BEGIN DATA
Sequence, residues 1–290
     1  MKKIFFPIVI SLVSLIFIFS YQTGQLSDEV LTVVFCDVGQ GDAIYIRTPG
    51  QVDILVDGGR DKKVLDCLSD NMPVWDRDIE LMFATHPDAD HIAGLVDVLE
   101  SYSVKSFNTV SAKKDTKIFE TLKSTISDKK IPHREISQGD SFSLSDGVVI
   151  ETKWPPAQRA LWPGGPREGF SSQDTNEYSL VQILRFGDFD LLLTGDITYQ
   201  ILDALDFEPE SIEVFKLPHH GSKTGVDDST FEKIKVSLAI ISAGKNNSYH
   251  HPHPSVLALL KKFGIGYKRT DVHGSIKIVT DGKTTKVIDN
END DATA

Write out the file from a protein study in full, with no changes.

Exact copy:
Sequence, residues 1–290
     1  MKKIFFPIVI SLVSLIFIFS YQTGQLSDEV LTVVFCDVGQ GDAIYIRTPG
    51  QVDILVDGGR DKKVLDCLSD NMPVWDRDIE LMFATHPDAD HIAGLVDVLE
   101  SYSVKSFNTV SAKKDTKIFE TLKSTISDKK IPHREISQGD SFSLSDGVVI
   151  ETKWPPAQRA LWPGGPREGF SSQDTNEYSL VQILRFGDFD LLLTGDITYQ
   201  ILDALDFEPE SIEVFKLPHH GSKTGVDDST FEKIKVSLAI ISAGKNNSYH
   251  HPHPSVLALL KKFGIGYKRT DVHGSIKIVT DGKTTKVIDN